Darling Ingredients(NYSE: DAR)announced first-quarter 2017 results on Tuesday after the market closed, highlighting accelerated revenue growth thanks to improving industry conditions.But with shares down around 9% in after-hours trading as of this writing -- albeit after setting a fresh 52-week high earlier this week thanks to sustained momentum created by its strong fourth-quarter report in late February -- it seems the market isn't impressed with what the rendering and biodiesel specialist had to say.
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Let's dig deeper, then, to see what drove Darling's business as it kicked off the new year and what investors should expect from the company going forward.
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Darling Ingredients results: The raw numbers
Data source: Darling Ingredients.
What happened with Darling Ingredients this quarter?
- Darling Ingredients doesn't provide specific quarterly financial guidance. So for perspective -- and though we don't usually place much weight on Wall Street's demands -- consensus estimates predicted higher earnings of $0.07 per share on lower revenue of $829.3 million.
- Adjusted earnings before interest, taxes, depreciation, and amortization (EBITDA) increased 3.6% to $102.5 million.
- Feed Ingredients revenue increased 16.1% year over year to $552.6 million. Feed segment operating income grew 122% to $30.8 million, driven by cost control measures and higher finished product prices in a strong global fats market.
- Food Ingredients revenue climbed 8% to $267.8 million. Segment operating income declined 35.4% to $14.1 million due to an oversupply of hide gelatin and lower import tariff regulations in South America.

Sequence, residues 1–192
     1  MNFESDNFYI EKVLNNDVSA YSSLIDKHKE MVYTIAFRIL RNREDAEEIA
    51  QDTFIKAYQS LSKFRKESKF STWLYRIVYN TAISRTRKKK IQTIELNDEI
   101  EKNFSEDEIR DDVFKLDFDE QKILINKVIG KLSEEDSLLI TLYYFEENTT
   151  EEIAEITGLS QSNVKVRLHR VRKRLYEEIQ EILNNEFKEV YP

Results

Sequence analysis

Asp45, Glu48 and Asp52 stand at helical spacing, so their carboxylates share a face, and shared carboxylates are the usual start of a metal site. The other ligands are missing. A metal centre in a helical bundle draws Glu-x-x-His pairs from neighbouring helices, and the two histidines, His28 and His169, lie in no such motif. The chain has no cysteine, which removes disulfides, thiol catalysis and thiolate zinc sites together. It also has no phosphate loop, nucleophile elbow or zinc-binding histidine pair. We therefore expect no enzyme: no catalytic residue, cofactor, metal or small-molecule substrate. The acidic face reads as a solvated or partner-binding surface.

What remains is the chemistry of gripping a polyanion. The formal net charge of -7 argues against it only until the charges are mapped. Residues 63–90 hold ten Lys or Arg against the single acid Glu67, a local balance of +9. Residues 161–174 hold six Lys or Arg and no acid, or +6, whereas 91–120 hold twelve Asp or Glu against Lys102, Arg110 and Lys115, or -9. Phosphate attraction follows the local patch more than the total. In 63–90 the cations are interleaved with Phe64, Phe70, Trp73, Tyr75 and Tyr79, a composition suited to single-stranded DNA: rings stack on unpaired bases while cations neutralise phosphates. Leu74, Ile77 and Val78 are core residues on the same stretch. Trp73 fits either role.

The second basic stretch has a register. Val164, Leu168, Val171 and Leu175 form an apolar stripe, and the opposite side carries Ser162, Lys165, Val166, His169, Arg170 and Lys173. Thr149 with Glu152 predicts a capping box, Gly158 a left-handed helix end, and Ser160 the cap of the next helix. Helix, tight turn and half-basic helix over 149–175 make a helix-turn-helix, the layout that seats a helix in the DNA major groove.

- Fuel Ingredients revenue -- excluding Darling's Diamond Green Diesel (DGD) joint venture with Valero (NYSE: VLO) -- increased 7.4% to $59.7 million. Fuel Ingredients operating income declined 42.7% to $3.5 million, primarily due to the absence of the blenders tax credit, which was recognized in last year's first quarter.
- Partner dividends of $25 million each were issued to both Darling and Valero during the quarter for Diamond Green Diesel. DGD's planned expansion to 275 million gallons of annual production (an increase of over 70%) is on schedule for a second-quarter 2018 completion.
What management had to say
Darling Ingredients CEO Randall Stuewe elaborated:
This was a solid quarter in terms of Darling Ingredients' top-line growth, even if earnings were selectively held back by a combination of tax credit timing and geography-specific issues in Darling's food business. In the end, what matters most is that Darling's key business initiatives remain intact. Though the market's initial negative response to the quarter might not indicate as much, I think investors should be pleased as long as Darling Ingredients continues to successfully pursue those plans.
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